To support the growth of FinTech and innovation companies in the region, DIFC has expanded its Innovation Hub proposition by launching a global Venture Studios hub and introducing a US$100 million Venture Debt Fund.
In alignment with the country’s vision to become a global benchmark in Open Finance, DIFC has established the region’s first Open Finance Lab, following an agreement with the Central Bank of the UAE. The lab will work in collaboration with banks, FinTechs, regulators and the industry to unlock the next wave of growth for the sector and increase consumer protection, financial inclusion, social benefits and economic opportunities.
During the first half of the year, a UAE-India Start-Up Corridor agreement was established and a new licence for Artificial Intelligence and Coding was created to attract more businesses to establish their presence in DIFC.
The DIFC Employee Workplace Savings (DEWS) plan is being expanded to include expatriates in Dubai government entities. This further supports DIFC’s vision to drive the future of finance in the region by reforming the end-of-service benefit arrangements to align with the global retirement savings standards.
DIFC is the region’s largest ecosystem of financial services related companies. DIFC’s 2021 contribution to Dubai Nominal GDP is estimated to be 5 percent, and the contribution of DIFC financial firms to the UAE financial services sector is over 13 percent, making the Centre a key growth driver for Dubai and the UAE.
Amongst its 4,031 entities, DIFC is currently home to 17 of the world’s top 20 banks, 25 of the world’s top 30 global systemically important banks, five of the top 10 insurance companies, five of the top 10 asset managers, and many leading global law and consulting firms.
In addition to supporting new clients, DIFC works with its existing well-established clients to capture further opportunities in the region. This year, clients, such as Societe Generale, one of Europe’s pre-eminent financial groups; and Al Ahli Bank of Kuwait, one of the leading banks in the region, have expanded their presence with a licence upgrade.
DIFC continues to develop its laws, regulations and industry thinking to differentiate its position as a global financial centre.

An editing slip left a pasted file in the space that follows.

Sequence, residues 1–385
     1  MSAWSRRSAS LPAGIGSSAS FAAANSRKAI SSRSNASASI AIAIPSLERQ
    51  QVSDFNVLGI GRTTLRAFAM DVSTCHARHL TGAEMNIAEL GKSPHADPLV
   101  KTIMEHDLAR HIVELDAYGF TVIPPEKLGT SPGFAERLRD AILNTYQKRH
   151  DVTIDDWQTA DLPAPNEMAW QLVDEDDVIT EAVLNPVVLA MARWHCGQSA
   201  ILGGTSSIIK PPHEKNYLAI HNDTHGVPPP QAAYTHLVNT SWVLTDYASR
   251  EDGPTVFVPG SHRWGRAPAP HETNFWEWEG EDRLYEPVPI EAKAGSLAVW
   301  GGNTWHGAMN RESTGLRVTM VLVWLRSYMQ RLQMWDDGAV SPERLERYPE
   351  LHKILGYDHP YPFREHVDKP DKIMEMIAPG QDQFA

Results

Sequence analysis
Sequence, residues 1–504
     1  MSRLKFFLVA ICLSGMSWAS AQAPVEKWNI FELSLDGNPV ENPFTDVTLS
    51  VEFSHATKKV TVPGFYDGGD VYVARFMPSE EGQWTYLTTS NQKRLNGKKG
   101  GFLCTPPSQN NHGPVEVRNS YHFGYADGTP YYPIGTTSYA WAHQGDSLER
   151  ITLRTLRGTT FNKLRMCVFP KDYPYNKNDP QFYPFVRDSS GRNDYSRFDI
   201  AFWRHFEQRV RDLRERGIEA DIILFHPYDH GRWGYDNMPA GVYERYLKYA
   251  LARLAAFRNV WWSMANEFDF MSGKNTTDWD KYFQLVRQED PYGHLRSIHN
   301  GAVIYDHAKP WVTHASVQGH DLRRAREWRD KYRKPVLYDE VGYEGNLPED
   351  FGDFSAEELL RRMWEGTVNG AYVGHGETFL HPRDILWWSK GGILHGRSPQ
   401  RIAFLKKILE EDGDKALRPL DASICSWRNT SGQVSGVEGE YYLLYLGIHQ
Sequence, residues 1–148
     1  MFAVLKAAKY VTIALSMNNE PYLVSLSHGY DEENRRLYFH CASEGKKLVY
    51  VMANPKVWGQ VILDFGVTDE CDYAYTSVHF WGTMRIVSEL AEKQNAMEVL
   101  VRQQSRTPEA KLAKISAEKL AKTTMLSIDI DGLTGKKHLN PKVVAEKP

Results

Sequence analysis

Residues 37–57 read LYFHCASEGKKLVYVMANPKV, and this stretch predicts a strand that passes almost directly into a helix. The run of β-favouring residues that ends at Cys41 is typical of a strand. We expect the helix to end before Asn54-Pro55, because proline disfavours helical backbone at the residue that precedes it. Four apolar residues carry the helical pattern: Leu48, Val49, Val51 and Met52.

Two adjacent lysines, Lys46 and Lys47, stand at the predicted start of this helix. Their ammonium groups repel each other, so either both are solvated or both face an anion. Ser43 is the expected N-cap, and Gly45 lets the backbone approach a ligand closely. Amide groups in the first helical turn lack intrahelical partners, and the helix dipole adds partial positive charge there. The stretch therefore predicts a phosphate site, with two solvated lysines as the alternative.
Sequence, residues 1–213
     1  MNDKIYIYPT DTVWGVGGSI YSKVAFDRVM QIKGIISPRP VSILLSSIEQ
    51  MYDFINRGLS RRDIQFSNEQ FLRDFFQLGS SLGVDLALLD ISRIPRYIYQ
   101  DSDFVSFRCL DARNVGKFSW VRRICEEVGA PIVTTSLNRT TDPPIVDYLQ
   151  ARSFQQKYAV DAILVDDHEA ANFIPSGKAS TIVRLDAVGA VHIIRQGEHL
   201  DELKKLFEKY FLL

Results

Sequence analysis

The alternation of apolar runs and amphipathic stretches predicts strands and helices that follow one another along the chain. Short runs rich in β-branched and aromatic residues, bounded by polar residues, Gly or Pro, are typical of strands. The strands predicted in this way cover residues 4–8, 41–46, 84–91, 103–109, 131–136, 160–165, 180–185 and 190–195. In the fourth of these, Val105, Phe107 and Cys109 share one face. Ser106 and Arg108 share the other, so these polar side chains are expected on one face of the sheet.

During the first half of this year, changes to DIFC laws and regulations included amendments to its globally recognised data protection law. The law supports the development of technology and innovation, while ensuring that the rights of individuals are properly safeguarded by the companies in DIFC and those they engage with. The DIFC Data Protection Law is in the final stages of being evaluated for equivalence with the United Kingdom’s privacy laws, a partnership that will provide practical solutions to the complex issues involved with data sharing across borders.
The Centre also generated a new wave of interest in Dubai from US financial services companies. This was following its successful roadshow with senior executives from more than 100 leading American financial services and technology companies in attendance. In addition, the Republic of Türkiye Roadshow witnessed a series of strategic meetings with key clients and partners in Istanbul in a move to create strong partnerships with companies in Republic of Türkiye.
In the Middle East, DIFC held a successful roundtable in Tel Aviv, Israel, with 30 prospective clients across a wide range of businesses in the financial services sector. The roundtable – MEASA Growth Opportunities for Israeli Tech Firms – discussed the benefits for Israeli FinTech companies establishing a presence in DIFC. Another important roadshow was held in Cairo, Egypt, with 89 firms and entrepreneurs in attendance, exploring how Dubai and DIFC can support family businesses to optimise corporate and financial structures, access market opportunities and harness digital technologies.
In collaboration with the World Alliance of Financial Centres and the Z/Yen Group, DIFC also led the development of a white paper, The Future of Financial Centres. The white paper focused on the role financial centres play in supporting global economic growth and sharing a vision for 2030. The Centre has already introduced several of the recommendations, giving it an early-mover advantage. DIFC chairs the Dubai Sustainable Finance Working Group (DSFWG), which was established in 2019 with the objective to create the region’s leading sustainable financial hub. In the first half of 2022, the DSFWG established four sub-working groups that are developing industry reports and tools with the aim to advance ESG (Environmental, Social and Governance) awareness, expertise and adoption in Dubai and the wider region.